With every contraction, the uterus shortens and closes, inching the fetus  farther down. With every contraction, the cervix widens. If things  seemed tight before, they’re nothing short of crowded now. The  contractions are coming far more often, and the fetus is dimly aware of  an array of new sounds outside the womb. He hears the groan of his  mother, the soothing voice of his father. Now he is squeezed tightly;  it’s not pain he feels, but pressure. The uterine muscles clamp down on  his head with such persuasion that he begins to release the thyroid  hormones and adrenaline that his body instinctively knows it will need  to adjust to the cooler temperatures in the outside world.

The pressure from the contractions, as well as the rising concentration of  prostaglandins, also protect him from a serious danger: the temptation  to breathe. Breathing before his head is completely free of the birth  canal would mean taking in fluids and risking pneumonia, so the fetus  obeys the blueprint in his genomes that instruct him to wait until the  world can hear him cry. It might sound easy, but his oxygen supply is  getting thin. His umbilical cord, with its many vessels supplying  oxygen-rich blood, is stretching. His mother’s blood vessels are  squeezed. The placenta is starting to tear away from the anchor of her  uterus. But he mustn’t yet breathe.

All of a sudden something breaks. he feels the amniotic fluid trickle, then rush past him. Just below his head, the cervix is at last fully  dilated. He feels his head push through a narrow channel, caught in the  vice of a contraction. With the cervix fully dilated, he can now push  through the birth canal, but it’s not a journey even this world-ready  fetus could make were it not for his own soft skull, which deforms in  the narrow passage. Still, no pain for the fetus. Just pressure.

It seems to go on for an eternity. The umbilical cord is stretched thin.  There’s hardly any oxygen in his blood. The amniotic fluid is being  squeezed from his lungs. His body fights fatigue.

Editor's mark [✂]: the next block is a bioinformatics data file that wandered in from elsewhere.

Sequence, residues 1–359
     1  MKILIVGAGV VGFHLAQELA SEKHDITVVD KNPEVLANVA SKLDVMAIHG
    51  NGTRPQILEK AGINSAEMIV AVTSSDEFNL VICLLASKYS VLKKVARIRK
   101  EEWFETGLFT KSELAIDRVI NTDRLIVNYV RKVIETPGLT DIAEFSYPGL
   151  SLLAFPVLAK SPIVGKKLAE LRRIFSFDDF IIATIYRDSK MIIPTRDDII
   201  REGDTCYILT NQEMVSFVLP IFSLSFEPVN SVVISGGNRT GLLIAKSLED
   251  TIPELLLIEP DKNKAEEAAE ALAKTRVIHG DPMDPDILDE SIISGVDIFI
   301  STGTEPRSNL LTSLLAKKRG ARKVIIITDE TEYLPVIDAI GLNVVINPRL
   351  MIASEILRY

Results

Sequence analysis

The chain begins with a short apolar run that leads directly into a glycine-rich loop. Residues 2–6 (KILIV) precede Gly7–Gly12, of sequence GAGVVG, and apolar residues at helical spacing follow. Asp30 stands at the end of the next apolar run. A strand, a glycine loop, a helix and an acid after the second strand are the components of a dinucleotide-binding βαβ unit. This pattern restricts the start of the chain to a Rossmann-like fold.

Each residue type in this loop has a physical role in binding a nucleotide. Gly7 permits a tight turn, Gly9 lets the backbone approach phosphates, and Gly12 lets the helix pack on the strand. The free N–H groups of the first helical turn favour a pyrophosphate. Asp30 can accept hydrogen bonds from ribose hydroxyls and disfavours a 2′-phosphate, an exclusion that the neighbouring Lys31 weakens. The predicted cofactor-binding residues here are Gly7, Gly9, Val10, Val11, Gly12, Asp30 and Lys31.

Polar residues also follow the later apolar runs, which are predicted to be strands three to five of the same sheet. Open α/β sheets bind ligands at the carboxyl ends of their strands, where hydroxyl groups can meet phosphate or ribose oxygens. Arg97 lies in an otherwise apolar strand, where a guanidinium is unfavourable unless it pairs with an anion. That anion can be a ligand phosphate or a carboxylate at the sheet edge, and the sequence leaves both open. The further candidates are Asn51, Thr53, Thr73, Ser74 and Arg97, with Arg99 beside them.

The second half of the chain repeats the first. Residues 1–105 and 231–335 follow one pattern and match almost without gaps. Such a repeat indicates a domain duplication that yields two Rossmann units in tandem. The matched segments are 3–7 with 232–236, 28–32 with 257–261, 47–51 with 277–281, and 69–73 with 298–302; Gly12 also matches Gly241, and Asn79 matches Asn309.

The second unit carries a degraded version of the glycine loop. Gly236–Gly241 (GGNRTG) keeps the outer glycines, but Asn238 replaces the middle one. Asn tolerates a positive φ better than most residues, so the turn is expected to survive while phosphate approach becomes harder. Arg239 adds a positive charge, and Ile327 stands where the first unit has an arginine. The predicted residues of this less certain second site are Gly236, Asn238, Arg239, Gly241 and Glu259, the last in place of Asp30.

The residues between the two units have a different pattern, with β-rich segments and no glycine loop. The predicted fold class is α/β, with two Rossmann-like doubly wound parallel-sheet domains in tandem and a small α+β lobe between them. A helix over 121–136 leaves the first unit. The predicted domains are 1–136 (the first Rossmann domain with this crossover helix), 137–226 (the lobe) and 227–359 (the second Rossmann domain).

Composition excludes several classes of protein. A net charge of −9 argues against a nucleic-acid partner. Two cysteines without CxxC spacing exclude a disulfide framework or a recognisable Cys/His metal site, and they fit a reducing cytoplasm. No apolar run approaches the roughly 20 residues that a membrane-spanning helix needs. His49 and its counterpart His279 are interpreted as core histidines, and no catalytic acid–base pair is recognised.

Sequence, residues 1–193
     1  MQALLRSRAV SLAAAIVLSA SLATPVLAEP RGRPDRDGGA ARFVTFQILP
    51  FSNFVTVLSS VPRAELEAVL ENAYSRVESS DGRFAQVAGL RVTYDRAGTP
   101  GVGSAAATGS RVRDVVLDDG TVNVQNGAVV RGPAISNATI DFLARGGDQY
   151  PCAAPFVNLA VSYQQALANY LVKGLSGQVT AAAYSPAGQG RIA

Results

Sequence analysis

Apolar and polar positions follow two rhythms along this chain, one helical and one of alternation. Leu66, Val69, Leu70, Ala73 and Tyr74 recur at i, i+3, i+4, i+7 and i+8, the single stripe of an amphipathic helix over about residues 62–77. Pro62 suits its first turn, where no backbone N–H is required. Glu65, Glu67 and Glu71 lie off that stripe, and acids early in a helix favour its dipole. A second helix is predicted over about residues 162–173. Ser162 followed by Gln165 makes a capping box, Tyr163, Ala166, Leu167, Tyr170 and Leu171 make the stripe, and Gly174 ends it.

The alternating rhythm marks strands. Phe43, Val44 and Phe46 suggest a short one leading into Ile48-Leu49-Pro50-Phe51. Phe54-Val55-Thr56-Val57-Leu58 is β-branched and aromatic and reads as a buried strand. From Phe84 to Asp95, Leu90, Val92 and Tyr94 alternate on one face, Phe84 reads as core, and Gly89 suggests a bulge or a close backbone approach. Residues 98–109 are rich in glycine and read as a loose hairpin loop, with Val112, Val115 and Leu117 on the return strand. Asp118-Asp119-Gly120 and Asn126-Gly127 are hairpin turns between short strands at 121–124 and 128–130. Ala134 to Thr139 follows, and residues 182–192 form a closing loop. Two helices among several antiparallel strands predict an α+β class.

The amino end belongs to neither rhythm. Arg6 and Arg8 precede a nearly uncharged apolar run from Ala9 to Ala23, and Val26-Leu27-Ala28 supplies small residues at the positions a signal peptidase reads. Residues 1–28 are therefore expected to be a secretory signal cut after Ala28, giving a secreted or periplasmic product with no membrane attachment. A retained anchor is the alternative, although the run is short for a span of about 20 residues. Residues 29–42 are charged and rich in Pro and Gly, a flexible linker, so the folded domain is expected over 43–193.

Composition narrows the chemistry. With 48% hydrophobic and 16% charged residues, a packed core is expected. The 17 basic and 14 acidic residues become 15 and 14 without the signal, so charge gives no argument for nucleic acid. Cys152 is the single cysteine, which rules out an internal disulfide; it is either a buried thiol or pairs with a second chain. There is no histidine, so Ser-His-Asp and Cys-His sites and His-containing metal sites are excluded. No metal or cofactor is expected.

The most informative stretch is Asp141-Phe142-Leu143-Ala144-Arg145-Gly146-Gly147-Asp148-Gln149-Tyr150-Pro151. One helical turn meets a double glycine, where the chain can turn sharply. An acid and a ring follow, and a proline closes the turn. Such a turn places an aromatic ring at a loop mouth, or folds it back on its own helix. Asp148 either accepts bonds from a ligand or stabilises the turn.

Suddenly, there it is: A cold, bright, shouting light — dry air! Sound turned up to a whole new level. Slippery hands upon his head. A clamp on his  umbilical cord. He wails. Instinctively, he turns 90 degrees in the  birth canal, and trusts the hands in this new world to pull his naked  body free.

The fetus’ holler is that very first breath he’s practiced for. His lungs  draw in the air and its air sacs open. The oxygen relaxes the walls of  his lungs’ blood vessels, causing them to dilate. Whereas in the womb  the fetus’ blood bypassed his own lungs and was shunted off to be  oxygenated by his mother’s, now the shunts close forever, and his blood  begins to find its way into his lungs. There, it is oxygenated, and  rushed into his arteries via his heart.

The world the baby has entered is strange and new. There’s five times more  oxygen available now than there was ever before, and the rush of its  life-giving molecules stimulates his nerve cells. He still has a lot to  master, for his umbilical cord has been cut and his placenta —  surrogate lung, kidney, protectorate — is no longer a part of his life. Now his nutrients must come from milk. Now his kidneys must take charge of balancing his bodily fluids. But before he’s given much of a chance  to grasp the skills he’ll need, he’s given (and isn’t this just like  real life?) an exam — an Apgar test — which assesses his heart rate,  respiratory effort, color, muscle tone, and reflexes. Then he’s carried  beneath the harsh lights, through the dry air, toward a new destination.